Skip to content

The Dual Character of Chef Chin’s Hibachi and Ramen

There’s always something brewing at Legacy Hall and lately, it’s a new food stall opening today serving hibachi and ramen. Hibachi.
Lobster Stir-Fry Yakisoba Noodle
Lobster Stir-Fry Yakisoba Noodle | Courtesy of Chef Chin’s Ramen and Hibachi

There’s always something brewing at Legacy Hall and lately, it’s a new food stall opening today serving hibachi and ramen.

Hibachi. The word summons up the sight of koi fish swirling in a dark pool, the clink of spatula against knife, and the image of sober chefs enshrouded in smoke, chopping eggs and shoveling rice with sharp precision. The taste of distinctive ginger salad dressing and miso soup lingers on the tongue. Hibachi itself refers to the traditional Japanese heating device.

Then there’s ramen. Ever since the development of single-serving instant ramen noodles, which have been feeding wallet-strapped students since 1958, the popularity of ramen in the United States has been soaring, as has its accessibility. However, for all its affordability and nostalgia, instant ramen was merely the soft opening we needed in order to usher in the real stuff, where flavor comes from stovetop simmering instead of an aluminum powder packet. It is topped with fresh vegetables and soft boiled eggs, slices of fatty chashu pork, bean sprouts, and green onion. It must be eaten quickly, while the noodles are at their very best. A 2018 article in The New Yorker calls ramen “a vehicle for creativity, nostalgia, and profound gastronomic pleasure” and its devotees members of “a veritable culinary religion.” 

Chef Chin’s Ramen and Hibachi, will be offering both at Legacy Hall in Plano. “It’s the whole gamete of Japanese cuisine from teriyaki, sushi, poke, hibachi, and ramen shops,” Chef Chin  Liang says. “I think ramen in particular is a growing trend because it’s a timeless comfort food and is suitable for the whole family. Also, it provides Asian cultural background for those that enjoy it.”

Chef Chin got his first introduction to the restaurant industry as a child, working at his parents’ restaurants in Taiwan. As a young adult, he moved to the United States, where he has spent 20 years immersed in Dallas’ Asian restaurant scene, as a hibachi chef, ramen chef, robata chef, a sushi chef, and ultimately an executive chef at Dallas restaurants like Ajisen Ramen, Sushi Awaji, Naan Sushi, Blue Fish, Steel, Lounge 31, KAI, and more. 

Grilled Salmon Ramen
Grilled Salmon Ramen | Courtesy of Chef Chin’s Ramen and Hibachi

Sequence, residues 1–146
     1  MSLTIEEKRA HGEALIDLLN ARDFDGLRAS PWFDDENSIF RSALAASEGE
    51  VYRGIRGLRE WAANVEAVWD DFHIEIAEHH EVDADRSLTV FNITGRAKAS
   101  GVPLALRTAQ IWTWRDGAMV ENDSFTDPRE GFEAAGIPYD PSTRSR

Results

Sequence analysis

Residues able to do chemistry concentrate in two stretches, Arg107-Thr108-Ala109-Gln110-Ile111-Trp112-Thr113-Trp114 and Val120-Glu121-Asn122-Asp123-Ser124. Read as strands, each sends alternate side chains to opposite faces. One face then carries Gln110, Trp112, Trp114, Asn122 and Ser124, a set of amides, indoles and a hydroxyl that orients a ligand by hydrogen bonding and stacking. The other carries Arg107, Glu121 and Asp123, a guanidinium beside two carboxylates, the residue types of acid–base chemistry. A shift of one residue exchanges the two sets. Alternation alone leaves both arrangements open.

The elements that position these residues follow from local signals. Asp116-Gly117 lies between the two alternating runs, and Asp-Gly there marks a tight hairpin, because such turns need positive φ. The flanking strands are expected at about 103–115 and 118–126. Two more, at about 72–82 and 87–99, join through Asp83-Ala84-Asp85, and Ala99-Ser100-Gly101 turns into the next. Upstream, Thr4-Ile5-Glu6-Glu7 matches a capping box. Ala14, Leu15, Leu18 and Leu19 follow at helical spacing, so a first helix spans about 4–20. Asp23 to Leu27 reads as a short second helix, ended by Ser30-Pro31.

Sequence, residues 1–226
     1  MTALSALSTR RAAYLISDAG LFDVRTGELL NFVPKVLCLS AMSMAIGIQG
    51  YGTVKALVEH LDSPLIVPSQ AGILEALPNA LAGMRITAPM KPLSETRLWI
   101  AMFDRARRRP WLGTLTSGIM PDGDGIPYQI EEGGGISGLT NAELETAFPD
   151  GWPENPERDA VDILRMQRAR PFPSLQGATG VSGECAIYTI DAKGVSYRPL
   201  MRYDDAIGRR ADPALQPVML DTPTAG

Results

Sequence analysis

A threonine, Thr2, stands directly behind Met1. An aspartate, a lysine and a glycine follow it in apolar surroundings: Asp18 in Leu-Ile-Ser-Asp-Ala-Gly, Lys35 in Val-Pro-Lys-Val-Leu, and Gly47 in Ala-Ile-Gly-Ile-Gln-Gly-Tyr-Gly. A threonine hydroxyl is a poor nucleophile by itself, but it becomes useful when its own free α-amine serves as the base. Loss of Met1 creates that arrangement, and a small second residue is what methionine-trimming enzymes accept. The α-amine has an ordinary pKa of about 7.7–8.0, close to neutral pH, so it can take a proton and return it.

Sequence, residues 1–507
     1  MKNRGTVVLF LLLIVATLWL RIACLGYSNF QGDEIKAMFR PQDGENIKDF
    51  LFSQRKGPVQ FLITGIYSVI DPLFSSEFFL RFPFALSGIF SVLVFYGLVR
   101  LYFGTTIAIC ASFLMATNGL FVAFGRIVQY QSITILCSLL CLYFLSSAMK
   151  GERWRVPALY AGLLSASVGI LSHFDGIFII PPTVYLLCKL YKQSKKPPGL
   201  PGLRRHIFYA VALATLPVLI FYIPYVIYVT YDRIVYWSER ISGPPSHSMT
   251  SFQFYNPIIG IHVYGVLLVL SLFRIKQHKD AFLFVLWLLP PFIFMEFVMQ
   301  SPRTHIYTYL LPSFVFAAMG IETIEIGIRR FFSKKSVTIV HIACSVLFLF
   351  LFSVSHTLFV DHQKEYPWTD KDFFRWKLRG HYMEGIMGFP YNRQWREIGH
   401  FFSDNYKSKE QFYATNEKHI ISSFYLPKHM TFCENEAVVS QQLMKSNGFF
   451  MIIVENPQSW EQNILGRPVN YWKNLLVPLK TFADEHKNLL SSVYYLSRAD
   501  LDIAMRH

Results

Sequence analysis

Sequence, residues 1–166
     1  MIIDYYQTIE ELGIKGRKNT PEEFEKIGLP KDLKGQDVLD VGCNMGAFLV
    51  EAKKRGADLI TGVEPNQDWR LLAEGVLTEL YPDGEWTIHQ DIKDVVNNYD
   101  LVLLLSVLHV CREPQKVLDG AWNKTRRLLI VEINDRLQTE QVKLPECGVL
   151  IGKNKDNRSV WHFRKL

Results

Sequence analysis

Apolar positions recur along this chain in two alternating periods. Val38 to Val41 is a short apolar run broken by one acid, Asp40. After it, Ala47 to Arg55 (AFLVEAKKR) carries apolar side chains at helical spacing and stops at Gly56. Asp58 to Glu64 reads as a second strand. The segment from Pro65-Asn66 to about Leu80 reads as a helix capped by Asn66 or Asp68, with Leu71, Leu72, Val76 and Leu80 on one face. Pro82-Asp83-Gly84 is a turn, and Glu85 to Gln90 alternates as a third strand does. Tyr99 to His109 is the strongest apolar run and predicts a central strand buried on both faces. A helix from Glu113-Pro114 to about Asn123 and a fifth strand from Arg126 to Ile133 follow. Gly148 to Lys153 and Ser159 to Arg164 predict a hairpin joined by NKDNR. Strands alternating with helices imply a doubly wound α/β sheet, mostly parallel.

“Passion is the reason I do what I do,” he says. “I love food and cooking for people.” Chef Chin says that he loves Japanese food for its simplicity, freshness, and delicacy and is especially motivated to offer “a contemporary twist on the rich culinary heritage of Japanese cuisine.” 

He first joined the Legacy Hall line up with Hōru Sushi. He chose Legacy Hall because on his first visit, he was impressed by its energy, convenience, and variety. “I loved that each stall offered a unique cuisine from around the world, and that Legacy Hall offers great entertainment to enhance the overall dining experience,” he recalls. Because Horu Sushi has done so well, it’s the perfect time for him to open a second concept there, serving ramen and hibachi.

Filet Mignon Hibachi Fried Rice
Filet Mignon Hibachi Fried Rice | Courtesy of Chef Chin’s Ramen and Hibachi

He describes a laid back environment producing restaurant-quality Asian cuisine made to order. “I want to show people that hibachi and ramen can be just as thoughtful and delicious in a casual setting,” he says. Hibachi especially is associated with fine dining experiences like Benihana, with onion volcanoes and shrimps tossed in pockets. Chef Chin may not provide the same show, but he intends to provide the same high quality.

 It would have been easy to either open a hibachi place or a ramen place. Chef Chin decided to do both. “I’ve always liked to challenge myself and do something different when it comes to Asian cuisine,” he explains. “With so many great ramen shops and hibachi restaurants in DFW 

already, I wanted to offer a unique twist on both traditions. One thing I noticed growing up in Japan was every time I went to a ramen shop the menu was always limited in protein and produce options. From then on I’ve always wanted to create a ramen shop with more variety and options.”

Chef Chin’s Hibachi & Ramen promises ramen piled high with a variety of proteins prepared hibachi-style, creating a unique crossover of both flavors. Hibachi entrees will be seasoned delicately with their house made teriyaki sauce, garlic butter, and soy sauce, tossed with sautéed vegetables, and the option of salad, fried rice, and yakisoba noodle, while their ramen has a base of rich broth and dealer’s choice of fried chicken, NY strip, garlic shrimp, and grilled salmon.

If you’re wondering where to eat today, here’s your answer.

Legacy Food Hall | 7800 Windrose Ave. Plano |